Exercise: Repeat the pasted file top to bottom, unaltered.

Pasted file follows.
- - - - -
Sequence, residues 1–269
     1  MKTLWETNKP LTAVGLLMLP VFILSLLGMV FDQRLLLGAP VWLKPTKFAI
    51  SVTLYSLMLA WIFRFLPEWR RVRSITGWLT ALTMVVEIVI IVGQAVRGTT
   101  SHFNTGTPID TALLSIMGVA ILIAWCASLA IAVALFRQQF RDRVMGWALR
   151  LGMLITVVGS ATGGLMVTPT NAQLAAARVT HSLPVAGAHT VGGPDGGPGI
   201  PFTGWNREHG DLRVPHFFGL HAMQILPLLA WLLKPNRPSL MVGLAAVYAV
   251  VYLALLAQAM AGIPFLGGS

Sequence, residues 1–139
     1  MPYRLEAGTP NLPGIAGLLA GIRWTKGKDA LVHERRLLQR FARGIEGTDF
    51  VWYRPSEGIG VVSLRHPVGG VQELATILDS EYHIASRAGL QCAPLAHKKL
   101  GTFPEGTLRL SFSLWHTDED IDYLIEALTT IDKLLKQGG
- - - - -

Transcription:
Sequence, residues 1–269
     1  MKTLWETNKP LTAVGLLMLP VFILSLLGMV FDQRLLLGAP VWLKPTKFAI
    51  SVTLYSLMLA WIFRFLPEWR RVRSITGWLT ALTMVVEIVI IVGQAVRGTT
   101  SHFNTGTPID TALLSIMGVA ILIAWCASLA IAVALFRQQF RDRVMGWALR
   151  LGMLITVVGS ATGGLMVTPT NAQLAAARVT HSLPVAGAHT VGGPDGGPGI
   201  PFTGWNREHG DLRVPHFFGL HAMQILPLLA WLLKPNRPSL MVGLAAVYAV
   251  VYLALLAQAM AGIPFLGGS

Sequence, residues 1–139
     1  MPYRLEAGTP NLPGIAGLLA GIRWTKGKDA LVHERRLLQR FARGIEGTDF
    51  VWYRPSEGIG VVSLRHPVGG VQELATILDS EYHIASRAGL QCAPLAHKKL
   101  GTFPEGTLRL SFSLWHTDED IDYLIEALTT IDKLLKQGG